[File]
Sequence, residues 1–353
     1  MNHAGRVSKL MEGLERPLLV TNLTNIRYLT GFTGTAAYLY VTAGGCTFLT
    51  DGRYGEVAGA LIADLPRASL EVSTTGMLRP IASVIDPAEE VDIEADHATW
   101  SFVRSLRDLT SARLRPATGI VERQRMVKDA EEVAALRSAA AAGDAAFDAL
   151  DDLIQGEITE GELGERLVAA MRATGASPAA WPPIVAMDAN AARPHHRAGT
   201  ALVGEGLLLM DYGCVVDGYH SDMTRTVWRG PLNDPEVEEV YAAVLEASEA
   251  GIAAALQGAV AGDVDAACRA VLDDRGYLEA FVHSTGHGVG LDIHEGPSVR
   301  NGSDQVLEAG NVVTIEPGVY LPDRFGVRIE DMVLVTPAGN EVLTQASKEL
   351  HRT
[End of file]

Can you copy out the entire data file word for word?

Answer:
Sequence, residues 1–353
     1  MNHAGRVSKL MEGLERPLLV TNLTNIRYLT GFTGTAAYLY VTAGGCTFLT
    51  DGRYGEVAGA LIADLPRASL EVSTTGMLRP IASVIDPAEE VDIEADHATW
   101  SFVRSLRDLT SARLRPATGI VERQRMVKDA EEVAALRSAA AAGDAAFDAL
   151  DDLIQGEITE GELGERLVAA MRATGASPAA WPPIVAMDAN AARPHHRAGT
   201  ALVGEGLLLM DYGCVVDGYH SDMTRTVWRG PLNDPEVEEV YAAVLEASEA
   251  GIAAALQGAV AGDVDAACRA VLDDRGYLEA FVHSTGHGVG LDIHEGPSVR
   301  NGSDQVLEAG NVVTIEPGVY LPDRFGVRIE DMVLVTPAGN EVLTQASKEL
   351  HRT